As Rev Margaret Weis wrote in the opening words,
“The church is the gathering together of all the people, and experiences,
and fear, and love, and hope in our resilient hearts;
gathering, however we can, to say to the world:
welcome, come in, lay down your heartache, and pick up hope and love.”
That is what is at the heart of Daffodil Sunday. All are welcome here. As Nico told us in our story for all ages, it was the dedication of our church members who wanted to affirm and promote our 7 principles by living out our faith publicly, wrapping the church in yellow tape to say we were a safe place for Gays Lesbians, Bisexuals, Transgender and Queer individuals and their families. We were granted Welcoming Congregation status by the UUA. The question then becomes-- is it an award we put on a shelf and refer to in our opening words? Or is it a call to action?
The Unitarian Universalist Association understands this, and now asks that congregations renew their Welcoming Congregation status. BUC did the work to renew last year led by a dedicated group of congregants, and they have my gratitude for making that happen.
If you look at our 7 principles, we are told that “They are not dogma or doctrine, rather a guide for those of us who choose to join and participate in UU religious communities”. The preamble to the 7 principles asks us to affirm and promote—words that call us to action. So that means Our first principle telling us to affirm and promote the worth and dignity of every person” by our actions.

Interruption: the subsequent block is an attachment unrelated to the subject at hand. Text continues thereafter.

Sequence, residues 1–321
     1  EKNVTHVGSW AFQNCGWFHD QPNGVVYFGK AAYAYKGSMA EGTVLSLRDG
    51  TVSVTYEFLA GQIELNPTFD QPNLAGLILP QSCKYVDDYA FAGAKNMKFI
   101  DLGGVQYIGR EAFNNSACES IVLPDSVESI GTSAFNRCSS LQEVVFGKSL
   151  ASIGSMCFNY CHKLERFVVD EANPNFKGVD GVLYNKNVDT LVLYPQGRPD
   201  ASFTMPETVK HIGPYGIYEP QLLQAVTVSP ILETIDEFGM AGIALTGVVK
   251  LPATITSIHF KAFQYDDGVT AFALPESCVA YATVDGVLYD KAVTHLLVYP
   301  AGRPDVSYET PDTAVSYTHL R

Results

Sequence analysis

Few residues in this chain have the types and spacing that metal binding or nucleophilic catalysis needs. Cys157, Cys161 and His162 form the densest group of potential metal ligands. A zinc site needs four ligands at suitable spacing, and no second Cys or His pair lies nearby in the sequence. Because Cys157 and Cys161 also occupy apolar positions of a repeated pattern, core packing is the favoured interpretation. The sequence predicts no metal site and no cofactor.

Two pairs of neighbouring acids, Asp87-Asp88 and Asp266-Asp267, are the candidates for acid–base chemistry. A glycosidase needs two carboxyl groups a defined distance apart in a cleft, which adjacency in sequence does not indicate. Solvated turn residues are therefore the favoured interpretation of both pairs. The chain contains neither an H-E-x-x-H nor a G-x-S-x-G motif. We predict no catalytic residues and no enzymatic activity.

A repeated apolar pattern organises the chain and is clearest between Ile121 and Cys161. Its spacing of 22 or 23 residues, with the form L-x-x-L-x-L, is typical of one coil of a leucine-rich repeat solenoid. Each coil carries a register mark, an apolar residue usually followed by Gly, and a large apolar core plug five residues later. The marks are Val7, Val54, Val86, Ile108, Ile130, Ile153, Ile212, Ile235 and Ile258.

What do we need to work on now to keep the meaning of being a Welcoming Congregation as that call to action?
Before BUC closed to in person services, the Welcoming Congregation Renewal team were working to educate us about preferred pronouns, also referred to as personal pronouns. It is very straightforward. Every person wants to be called by the pronouns that show the world how they see themselves and how they want others to see them. With the distance that the shutdown has created, we’ve lost momentum on this practice of being kind and honoring others dignity.
My parents had three daughters—Margaret, Janet and Teresa. We were never Maggie, Jan and Terry. My mother was adamant that people use our full names and that no one had the right to nickname us. I had a teacher in elementary school who called me Terry. I ignored her when she called on me using that nickname. I was told not to be rude. But I knew that was not who I was, and that teacher was not going to move that rock
So you can see that for us UUs using someone’s preferred pronouns is not about grammar. It is about seeing and being seen ---it is about being acknowledged as our whole true selves. When we don’t make the effort to learn about preferred pronouns, or practice using them, you must know it hurts people’s feelings. And more than that, it makes them feel unsafe. That is not who we are as Unitarian Universalists.